Bermuda repeals same-sex marriage
Neighbouring overseas territory, Bermuda on Wednesday abolished same-sex marriage.
While the U.K. government expressed disappointment to the decision, they say it would be wrong to overturn the decision by the British island territory.
Legislation replacing same-sex marriage with domestic partnerships in Bermuda was signed into law by the governor on Wednesday as critics called it an unprecedented rollback of civil rights in the British island territory.
Minister of Home Affairs Walton Brown said the legislation signed by Governor John Rankin seeks to balance opposition to same-sex marriage on the socially conservative island while complying with European court rulings that ensure recognition and protection for same-sex couples in the territory.
Bermuda's Senate and House of Assembly passed the legislation by wide margins in December and a majority of voters opposed same-sex marriage in a referendum.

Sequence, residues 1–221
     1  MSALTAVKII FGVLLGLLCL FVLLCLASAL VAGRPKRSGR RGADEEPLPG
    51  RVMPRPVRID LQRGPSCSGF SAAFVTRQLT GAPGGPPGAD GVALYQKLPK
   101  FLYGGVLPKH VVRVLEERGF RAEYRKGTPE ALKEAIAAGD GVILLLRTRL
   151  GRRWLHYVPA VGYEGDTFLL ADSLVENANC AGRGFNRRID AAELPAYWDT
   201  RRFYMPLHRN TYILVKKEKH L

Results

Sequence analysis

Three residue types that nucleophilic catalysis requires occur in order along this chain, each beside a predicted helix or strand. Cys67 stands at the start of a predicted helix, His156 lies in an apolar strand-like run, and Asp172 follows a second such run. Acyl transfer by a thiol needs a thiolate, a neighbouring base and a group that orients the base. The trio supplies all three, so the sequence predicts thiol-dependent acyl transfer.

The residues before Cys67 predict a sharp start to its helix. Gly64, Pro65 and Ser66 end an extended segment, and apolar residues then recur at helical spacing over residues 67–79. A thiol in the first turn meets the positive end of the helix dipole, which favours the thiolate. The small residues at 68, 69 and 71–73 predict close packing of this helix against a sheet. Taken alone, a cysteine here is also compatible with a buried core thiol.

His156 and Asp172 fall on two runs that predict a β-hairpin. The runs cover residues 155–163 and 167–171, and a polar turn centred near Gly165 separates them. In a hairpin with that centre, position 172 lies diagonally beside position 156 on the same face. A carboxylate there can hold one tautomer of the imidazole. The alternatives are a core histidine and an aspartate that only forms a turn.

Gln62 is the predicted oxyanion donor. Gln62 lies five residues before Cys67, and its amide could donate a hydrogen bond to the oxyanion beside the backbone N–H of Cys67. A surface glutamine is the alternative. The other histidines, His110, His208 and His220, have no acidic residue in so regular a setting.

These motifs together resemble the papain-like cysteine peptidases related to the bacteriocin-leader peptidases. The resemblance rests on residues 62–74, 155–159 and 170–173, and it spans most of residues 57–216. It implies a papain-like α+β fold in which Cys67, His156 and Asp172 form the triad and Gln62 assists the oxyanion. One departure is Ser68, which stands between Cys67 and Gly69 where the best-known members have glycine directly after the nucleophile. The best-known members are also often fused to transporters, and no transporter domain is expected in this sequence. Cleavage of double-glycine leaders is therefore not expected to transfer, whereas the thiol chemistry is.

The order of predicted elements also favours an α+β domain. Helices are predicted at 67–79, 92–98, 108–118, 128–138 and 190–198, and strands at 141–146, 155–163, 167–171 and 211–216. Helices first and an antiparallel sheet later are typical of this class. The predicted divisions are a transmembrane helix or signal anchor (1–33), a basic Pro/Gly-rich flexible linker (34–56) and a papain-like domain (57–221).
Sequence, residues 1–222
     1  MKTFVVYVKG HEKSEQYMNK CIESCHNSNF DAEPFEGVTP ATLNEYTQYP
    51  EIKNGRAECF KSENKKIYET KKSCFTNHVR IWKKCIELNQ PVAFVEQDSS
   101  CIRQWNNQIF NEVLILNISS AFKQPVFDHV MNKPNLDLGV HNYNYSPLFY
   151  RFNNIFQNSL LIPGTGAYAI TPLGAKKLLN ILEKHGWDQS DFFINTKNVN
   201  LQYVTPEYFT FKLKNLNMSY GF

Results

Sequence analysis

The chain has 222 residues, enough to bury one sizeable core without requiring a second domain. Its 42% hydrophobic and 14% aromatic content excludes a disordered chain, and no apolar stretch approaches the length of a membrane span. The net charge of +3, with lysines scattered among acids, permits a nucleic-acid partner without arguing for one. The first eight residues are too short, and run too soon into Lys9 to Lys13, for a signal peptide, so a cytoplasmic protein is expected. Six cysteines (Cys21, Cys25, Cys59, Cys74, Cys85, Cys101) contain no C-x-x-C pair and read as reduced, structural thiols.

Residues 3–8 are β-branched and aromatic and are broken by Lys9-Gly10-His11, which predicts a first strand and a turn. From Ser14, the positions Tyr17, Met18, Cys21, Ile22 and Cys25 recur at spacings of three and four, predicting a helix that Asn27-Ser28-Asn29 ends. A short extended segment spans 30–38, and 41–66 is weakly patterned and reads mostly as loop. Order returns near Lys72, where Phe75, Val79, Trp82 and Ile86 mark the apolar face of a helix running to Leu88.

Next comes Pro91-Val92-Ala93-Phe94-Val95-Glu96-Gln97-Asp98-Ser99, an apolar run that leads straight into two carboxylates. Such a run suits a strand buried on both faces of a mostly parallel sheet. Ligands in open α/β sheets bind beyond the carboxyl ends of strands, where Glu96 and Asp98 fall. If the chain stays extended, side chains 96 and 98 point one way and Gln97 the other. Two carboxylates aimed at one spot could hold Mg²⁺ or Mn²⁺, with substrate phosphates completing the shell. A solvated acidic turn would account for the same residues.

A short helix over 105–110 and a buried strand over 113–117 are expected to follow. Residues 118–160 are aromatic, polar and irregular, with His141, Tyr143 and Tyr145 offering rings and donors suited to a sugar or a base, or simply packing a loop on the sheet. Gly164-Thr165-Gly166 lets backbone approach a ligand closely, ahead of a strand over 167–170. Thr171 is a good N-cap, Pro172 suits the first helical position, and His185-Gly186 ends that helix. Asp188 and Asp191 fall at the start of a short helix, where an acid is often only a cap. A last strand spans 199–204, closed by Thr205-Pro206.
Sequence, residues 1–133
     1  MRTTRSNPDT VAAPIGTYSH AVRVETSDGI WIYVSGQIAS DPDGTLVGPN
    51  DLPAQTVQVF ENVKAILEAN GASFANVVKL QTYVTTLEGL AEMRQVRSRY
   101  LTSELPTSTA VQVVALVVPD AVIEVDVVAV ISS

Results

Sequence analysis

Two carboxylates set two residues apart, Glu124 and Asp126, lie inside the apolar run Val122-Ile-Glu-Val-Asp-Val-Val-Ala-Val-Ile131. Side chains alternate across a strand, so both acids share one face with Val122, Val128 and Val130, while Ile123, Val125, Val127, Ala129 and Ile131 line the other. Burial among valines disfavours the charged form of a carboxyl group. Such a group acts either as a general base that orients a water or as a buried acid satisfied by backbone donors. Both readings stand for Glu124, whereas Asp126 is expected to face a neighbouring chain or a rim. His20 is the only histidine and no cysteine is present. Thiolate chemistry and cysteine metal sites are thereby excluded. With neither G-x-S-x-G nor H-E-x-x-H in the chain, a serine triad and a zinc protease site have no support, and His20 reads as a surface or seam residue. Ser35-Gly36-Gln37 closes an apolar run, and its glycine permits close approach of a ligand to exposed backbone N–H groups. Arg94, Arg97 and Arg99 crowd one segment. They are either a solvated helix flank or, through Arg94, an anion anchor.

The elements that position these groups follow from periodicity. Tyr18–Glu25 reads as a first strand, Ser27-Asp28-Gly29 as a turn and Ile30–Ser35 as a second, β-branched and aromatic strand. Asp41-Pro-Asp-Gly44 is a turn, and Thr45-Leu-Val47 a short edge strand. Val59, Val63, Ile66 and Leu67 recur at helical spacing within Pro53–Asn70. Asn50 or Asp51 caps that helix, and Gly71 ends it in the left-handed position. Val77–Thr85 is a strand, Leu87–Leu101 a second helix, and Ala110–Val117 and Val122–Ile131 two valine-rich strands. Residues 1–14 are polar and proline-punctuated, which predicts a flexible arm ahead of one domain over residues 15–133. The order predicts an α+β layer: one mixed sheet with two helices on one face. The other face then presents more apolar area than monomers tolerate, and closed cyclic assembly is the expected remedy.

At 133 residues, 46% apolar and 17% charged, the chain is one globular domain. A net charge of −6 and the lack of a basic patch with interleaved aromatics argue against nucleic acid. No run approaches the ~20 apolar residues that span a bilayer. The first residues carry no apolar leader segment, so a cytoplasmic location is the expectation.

"The act is intended to strike a fair balance between two currently irreconcilable groups in Bermuda, by restating that marriage must be between a male and a female while at the same time recognising and protecting the rights of same-sex couples," Brown said.
LGBTQ civil rights groups said that domestic partnerships amount to a second-class status and that it is unprecedented for a jurisdiction to take away the legal right to marriage after it has been granted.
"Governor Rankin and the Bermuda Parliament have shamefully made Bermuda the first national territory in the world to repeal marriage equality," said Ty Cobb, director of the Human Rights Campaign Global.
Couples in a registered domestic partnership will now have "equivalent" rights to those of married heterosexual couples, including the right to make medical decisions on behalf of one's partner, Brown said in a statement issued by the government.
About a half dozen same-sex marriages that took place in Bermuda between when they were legalised by a court ruling in May 2017 and the repeal are recognised under the new law.
British Prime Minister Theresa May's spokesman, James Slack, said on Thursday that Britain was "seriously disappointed" by the legal change. But he said it would not have been right for Britain to block the move.
He said the bill "has been democratically passed by the Parliament of Bermuda, and our relationship with the overseas territories is based on partnership and respect for their right to democratic self-government".